Yet despite this volume, the growth of overall global demand for oil products is matching the growth in oil stocks, so don't expect retail prices for oil products to drop. Plus, refiners are jumping on the opportunity to increase profits, according to Donald Morton, a senior vice president at the investment bank Herbert J. Sims & Co.

"We're pumping a lot of juice – these refineries are running hard," Morton told The Wall Street Journal. "They've still got good profit margins. They're trying to take advantage of it as much as they can."

At the same time, don't expect U.S. pump prices to go up soon, either. Demand for gasoline in the United States ordinarily rises during the summer travel months, but increased capacity at many refineries is meeting that demand, with plenty left over for use later in the year, when demand lessens.
"We've got adequate inventories ... already in the storage pool," Morton said.

Risk-free for 30 days: The Motley Fool's flagship service
Tom and David Gardner founded The Motley Fool over 20 years ago with the goal of helping the world invest...better. Their flagship service, Stock Advisor, has helped thousands of investors take control of their financial lives and beat the market. Click here to sign up today.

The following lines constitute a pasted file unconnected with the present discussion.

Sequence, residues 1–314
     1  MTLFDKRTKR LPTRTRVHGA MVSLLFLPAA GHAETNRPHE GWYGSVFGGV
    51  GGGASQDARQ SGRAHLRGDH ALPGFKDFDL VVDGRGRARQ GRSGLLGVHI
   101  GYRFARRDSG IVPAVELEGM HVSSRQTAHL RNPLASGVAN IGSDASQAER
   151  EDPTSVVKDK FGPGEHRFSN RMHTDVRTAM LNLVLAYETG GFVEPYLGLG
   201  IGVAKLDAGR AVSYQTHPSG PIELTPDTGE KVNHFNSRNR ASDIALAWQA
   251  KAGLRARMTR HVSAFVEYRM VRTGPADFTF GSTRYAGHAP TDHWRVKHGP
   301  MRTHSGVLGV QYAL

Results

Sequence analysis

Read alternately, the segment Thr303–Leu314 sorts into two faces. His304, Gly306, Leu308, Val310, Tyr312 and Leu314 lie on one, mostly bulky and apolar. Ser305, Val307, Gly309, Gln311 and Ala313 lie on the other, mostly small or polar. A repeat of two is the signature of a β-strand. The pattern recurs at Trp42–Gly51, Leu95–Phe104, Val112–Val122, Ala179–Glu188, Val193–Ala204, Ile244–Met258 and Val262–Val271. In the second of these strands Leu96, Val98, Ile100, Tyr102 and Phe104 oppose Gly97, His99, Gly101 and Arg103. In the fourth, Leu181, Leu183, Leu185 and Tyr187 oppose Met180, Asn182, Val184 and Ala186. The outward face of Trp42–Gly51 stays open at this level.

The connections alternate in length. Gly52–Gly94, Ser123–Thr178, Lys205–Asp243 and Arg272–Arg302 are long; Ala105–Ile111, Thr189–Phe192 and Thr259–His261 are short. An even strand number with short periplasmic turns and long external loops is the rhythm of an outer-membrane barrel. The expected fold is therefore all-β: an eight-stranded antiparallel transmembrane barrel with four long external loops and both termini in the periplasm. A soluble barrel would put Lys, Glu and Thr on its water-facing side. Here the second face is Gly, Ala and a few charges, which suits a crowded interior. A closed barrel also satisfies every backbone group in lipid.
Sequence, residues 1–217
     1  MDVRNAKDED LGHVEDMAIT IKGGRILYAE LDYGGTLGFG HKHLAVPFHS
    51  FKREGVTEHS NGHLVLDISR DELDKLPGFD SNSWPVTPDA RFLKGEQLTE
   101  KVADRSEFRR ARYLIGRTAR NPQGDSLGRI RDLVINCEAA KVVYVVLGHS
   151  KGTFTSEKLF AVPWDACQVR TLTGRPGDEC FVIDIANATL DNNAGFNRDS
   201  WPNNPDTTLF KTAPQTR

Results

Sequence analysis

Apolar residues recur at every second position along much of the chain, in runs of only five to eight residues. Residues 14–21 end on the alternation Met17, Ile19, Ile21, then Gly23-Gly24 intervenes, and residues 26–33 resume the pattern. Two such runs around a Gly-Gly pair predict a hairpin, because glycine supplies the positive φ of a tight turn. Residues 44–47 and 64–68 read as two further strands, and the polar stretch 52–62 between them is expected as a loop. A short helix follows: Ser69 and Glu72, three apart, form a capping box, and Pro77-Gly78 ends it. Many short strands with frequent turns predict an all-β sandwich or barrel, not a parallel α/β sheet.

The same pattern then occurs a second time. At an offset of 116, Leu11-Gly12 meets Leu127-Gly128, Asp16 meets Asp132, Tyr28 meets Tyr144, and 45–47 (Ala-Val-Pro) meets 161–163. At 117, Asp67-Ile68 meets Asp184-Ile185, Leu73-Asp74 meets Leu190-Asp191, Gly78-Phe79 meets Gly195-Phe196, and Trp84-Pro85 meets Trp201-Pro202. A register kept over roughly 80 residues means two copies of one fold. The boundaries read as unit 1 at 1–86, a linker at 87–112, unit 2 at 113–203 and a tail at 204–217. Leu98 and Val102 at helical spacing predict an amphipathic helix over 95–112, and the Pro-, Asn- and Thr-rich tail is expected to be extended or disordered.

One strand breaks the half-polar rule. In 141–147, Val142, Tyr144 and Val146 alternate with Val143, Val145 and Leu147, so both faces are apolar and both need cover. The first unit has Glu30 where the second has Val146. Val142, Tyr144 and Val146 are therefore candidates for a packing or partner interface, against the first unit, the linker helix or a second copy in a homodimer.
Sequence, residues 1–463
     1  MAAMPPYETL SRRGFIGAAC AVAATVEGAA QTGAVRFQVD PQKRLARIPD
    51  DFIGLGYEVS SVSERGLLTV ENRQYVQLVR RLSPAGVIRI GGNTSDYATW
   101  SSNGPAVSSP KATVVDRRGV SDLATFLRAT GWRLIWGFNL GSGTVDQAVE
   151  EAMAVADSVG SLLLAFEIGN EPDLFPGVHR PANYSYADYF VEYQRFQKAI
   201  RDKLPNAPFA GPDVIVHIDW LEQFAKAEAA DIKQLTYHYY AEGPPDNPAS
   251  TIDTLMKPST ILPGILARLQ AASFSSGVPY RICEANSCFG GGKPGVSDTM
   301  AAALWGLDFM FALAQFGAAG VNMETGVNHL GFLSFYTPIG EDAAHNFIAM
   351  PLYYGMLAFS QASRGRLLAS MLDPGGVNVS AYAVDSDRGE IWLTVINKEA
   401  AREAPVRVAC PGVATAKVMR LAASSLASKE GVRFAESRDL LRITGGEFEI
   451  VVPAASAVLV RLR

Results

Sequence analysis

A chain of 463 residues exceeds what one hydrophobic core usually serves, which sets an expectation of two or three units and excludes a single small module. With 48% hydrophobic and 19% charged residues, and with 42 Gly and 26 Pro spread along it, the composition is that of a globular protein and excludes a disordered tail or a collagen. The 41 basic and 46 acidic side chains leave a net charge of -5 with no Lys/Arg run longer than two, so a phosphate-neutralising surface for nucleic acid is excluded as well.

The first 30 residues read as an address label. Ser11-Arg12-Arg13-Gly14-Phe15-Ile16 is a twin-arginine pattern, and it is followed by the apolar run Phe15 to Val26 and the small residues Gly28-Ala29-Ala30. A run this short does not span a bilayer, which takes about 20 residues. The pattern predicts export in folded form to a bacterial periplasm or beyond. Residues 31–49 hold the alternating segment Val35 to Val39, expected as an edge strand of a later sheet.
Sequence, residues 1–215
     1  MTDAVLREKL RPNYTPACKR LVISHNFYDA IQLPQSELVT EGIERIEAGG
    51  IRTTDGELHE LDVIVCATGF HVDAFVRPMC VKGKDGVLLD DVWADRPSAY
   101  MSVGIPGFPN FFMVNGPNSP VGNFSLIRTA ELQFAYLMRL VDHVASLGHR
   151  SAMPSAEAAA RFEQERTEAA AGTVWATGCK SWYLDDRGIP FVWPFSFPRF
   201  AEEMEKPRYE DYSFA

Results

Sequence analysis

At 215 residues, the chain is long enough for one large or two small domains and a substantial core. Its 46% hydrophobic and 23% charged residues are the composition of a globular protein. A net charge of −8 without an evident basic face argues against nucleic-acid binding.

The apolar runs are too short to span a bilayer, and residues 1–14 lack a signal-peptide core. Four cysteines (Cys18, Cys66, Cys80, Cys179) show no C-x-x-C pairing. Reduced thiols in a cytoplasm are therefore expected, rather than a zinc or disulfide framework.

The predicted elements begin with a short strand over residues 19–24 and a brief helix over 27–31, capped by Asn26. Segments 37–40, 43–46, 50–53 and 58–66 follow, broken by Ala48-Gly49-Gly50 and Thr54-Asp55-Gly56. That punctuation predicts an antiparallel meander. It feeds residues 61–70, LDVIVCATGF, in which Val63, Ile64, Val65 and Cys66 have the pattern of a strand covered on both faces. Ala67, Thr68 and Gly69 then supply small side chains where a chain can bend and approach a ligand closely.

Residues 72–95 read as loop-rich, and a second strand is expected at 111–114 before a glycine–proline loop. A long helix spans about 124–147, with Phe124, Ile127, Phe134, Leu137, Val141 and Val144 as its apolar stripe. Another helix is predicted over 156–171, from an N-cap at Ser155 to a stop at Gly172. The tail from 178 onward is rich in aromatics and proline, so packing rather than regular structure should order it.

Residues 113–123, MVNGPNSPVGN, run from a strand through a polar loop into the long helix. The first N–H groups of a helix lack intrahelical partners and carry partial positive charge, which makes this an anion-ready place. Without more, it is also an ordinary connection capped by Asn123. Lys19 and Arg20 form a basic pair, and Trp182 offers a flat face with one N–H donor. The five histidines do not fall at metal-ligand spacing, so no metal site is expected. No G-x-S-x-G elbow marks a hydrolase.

Written by Andy Tully at Oilprice.com.

Money to your ears - A great FREE investing resource for you

The best way to get your regular dose of market and money insights is our suite of free podcasts ... what we like to think of as “binge-worthy finance.”

Feb 1, 2016 at 5:03PM

Whether we're in the midst of earnings season or riding out the market's lulls, you want to know the best strategies for your money.

And you'll want to go beyond the hype of screaming TV personalities, fear-mongering ads, and "analysis" from people who might have your email address ... but no track record of success.

In short, you want a voice of reason you can count on.

A 2015 Business Insider article titled, "11 websites to bookmark if you want to get rich," rated The Motley Fool as the #1 place online to get smarter about investing.

And one of the easiest, most enjoyable, most valuable ways to get your regular dose of market and money insights is our suite of free podcasts ... what we like to think of as "binge-worthy finance."